Q. How come you've played so few tournaments this year? Have you had any physical maladies or just scheduling?

PAUL AZINGER: Mainly just scheduling. The only tournament I missed that I wanted to play was the British Open. I got some kind of virus that knocked me out for about two weeks. I was really disappointed because I only got to play in 75% of the major championships in said of 100%. But for the most part, I just always take the same amount of time off in May, and in the end, I'll end up playing probably 20 events, 22 events. Last year, I had a kidney stone or something that cost me two or three events. There were some things that happened last year, I missed a few tournaments. But in the end, I'm going to play somewhere between 20 and 22 every year from now on.

Q. Any thoughts on any in a sense carrying the Ryder Cup torch for Payne Stewart?

PAUL AZINGER: Not really. I think Payne, his Ryder Cup record, his experience, his love for the Ryder Cup, his patriotism, his love of just the game itself just stands on its own. I can't carry his torch for him. Payne Stewart left a legacy that is undeniable, and untouchable, really. It's amazing, because here is a guy that never had the greatest record, but in his death, it became obvious, that's one of the most recognize, I believe, figures that's ever played the game. The passion that he showed in his desire to make the team and while he was on the team is pretty undeniable. The weight of that torch is too heavy for me.

Q. Can you talk a little bit about what you think Toms will bring to your team?

CURTIS STRANGE: Well, I think we saw it yesterday. I don't know exactly the stats, but I know David Toms has won six times now and I think he's had a chance to win seven tournaments, if that's right. I don't know, you'd have to look that up. When he gets in the heat, he wins. When you hit shots and come from -- missing the short putts yesterday on the start of the back side, as a player when you look at that, you say, "uh-oh," and he comes back and birdies the next two holes, 13 and 14, I believe. We did the television from New Orleans, when he looked Phil right in the eye and shot 64 on him, snuffed him on the last hole from 30 feet. What I see is that he does great things on Sunday; and every Ryder Cup match on Sunday afternoon is pressure-filled. I think he is going to thrive on this atmosphere. He looks a lot nicer than he is, I think, on the last nine holes of a tournament sometimes. He still looks like he's 19 years old. He's got a huge heart and a lot of intestinal fortitude. He shows that every time he goes to the golf course.

PAUL AZINGER: He's also an incredible ball striker, I think. Somebody asked me about him after Saturday's rounds and I think he's one of the best ball strikers on the planet.

CURTIS STRANGE: But that won't carry but so far. You're in the going to make an 8-footer on last hole because you can hit the golf ball.

PAUL AZINGER: That's right.

Q. You've been through this experience before of being a Captain's pick, and I'm wondering how much more difficult it was for you to do this, this weekend, and how going through the other experience helped you go through what you had to do?

CURTIS STRANGE: I've been on both sides of being a Captain's pick, being a pick and not being a pick. Knowing how disappointed the players will feel when you make the phone call. But it really didn't help. It's something that I knew -- it's the dark side of being a captain, is what it is. You know, everything has been rosey and great and Sarah and I have had a lot of fun doing this. It's been a lot of work and we continue to have fun and will continue to have fun through the end of September, but the tough time is what I had to do yesterday. I don't think anything prepares you for that. There's not a whole lot to be said on the phone or in person, whatever you do. It's tough, but you have to -- everybody can't be on the team.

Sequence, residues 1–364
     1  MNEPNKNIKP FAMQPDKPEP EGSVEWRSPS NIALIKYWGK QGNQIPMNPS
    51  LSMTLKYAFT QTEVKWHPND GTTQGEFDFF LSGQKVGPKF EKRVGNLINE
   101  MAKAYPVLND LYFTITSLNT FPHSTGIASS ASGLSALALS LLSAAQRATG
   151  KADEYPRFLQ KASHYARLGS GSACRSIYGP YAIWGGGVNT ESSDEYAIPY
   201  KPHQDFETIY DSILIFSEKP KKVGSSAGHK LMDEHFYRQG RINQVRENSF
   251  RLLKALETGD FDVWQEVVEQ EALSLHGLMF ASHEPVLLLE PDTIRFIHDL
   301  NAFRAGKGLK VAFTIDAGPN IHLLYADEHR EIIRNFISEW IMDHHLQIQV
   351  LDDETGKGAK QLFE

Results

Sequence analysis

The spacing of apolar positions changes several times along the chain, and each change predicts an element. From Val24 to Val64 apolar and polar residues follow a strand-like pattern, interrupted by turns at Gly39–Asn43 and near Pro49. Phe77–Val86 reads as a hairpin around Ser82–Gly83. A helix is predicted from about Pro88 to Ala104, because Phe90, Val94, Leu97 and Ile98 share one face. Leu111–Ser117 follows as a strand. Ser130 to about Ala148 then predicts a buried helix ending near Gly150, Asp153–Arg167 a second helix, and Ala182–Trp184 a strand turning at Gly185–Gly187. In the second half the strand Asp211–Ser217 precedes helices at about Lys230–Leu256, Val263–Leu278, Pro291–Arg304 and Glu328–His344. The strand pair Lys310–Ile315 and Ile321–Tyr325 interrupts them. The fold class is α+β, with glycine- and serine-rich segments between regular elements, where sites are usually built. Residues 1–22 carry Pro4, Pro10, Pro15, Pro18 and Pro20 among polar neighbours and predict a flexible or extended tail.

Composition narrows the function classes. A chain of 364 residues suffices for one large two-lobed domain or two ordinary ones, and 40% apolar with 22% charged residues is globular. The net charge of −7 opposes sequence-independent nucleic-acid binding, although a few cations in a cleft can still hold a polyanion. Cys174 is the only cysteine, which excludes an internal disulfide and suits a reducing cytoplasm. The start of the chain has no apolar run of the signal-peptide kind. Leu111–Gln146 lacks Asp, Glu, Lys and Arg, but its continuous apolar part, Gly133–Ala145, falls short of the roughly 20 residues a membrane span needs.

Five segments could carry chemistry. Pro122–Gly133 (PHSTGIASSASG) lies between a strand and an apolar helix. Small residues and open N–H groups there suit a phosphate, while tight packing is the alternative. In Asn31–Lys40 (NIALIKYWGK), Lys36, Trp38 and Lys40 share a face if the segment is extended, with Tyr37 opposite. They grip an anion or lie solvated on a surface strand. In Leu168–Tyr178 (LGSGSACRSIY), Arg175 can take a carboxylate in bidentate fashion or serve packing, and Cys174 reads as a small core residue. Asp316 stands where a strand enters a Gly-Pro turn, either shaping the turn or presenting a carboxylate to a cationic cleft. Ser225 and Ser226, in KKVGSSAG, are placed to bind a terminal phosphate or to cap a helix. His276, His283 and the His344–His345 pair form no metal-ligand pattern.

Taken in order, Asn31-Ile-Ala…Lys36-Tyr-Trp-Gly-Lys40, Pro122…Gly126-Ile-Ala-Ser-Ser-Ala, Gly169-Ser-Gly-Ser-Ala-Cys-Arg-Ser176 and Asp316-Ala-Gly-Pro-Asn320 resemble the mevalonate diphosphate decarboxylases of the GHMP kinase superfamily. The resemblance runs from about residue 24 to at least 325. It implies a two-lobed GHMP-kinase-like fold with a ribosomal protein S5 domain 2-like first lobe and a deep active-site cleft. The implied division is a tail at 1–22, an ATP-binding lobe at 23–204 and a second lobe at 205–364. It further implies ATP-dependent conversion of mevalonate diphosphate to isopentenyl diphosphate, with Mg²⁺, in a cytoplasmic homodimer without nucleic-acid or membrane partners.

Q. This question is for Curtis; and Paul, with his playing and experience, might like to make a comment at the end. Where did the idea originate from for not practice putting, and as a follow-up to that, do you think it perhaps should be added into the Rules of Golf?

CURTIS STRANGE: I brought it up with Sam Torrance some months ago, three or four months ago, and just wanted to speed up play, for the players themselves, for the spectators, for TV. You know, we always, after every Ryder Cup, the PGAs get together and try to figure out how we can make the Matches better, and as a captain I think you want to try to figure out how you can make the Matches better. Sam and I totally agreed on this. It was a matter of getting it done and can it work. We finally decided; yes, it can work, just to keep things moving long. As far as the good of the game and the game itself, the rules state you can practice would you tell you can practice putt with undue delay, and at times I think we were having delay and I think it's going to keep things moving. I think it's going to be great. Did you know that?

PAUL AZINGER: I didn't even know it.

Q. When did you call Tom Lehman and how long did you talk and how did he take it?

CURTIS STRANGE: I talked to Tom probably an hour after the show yesterday. We didn't talk long. He was obviously disappointed, but very professional. And that's it.

JULIUS MASON: Questions, questions twice. Thank you very much for joining us, ladies and gentlemen.

End of FastScriptsÂ….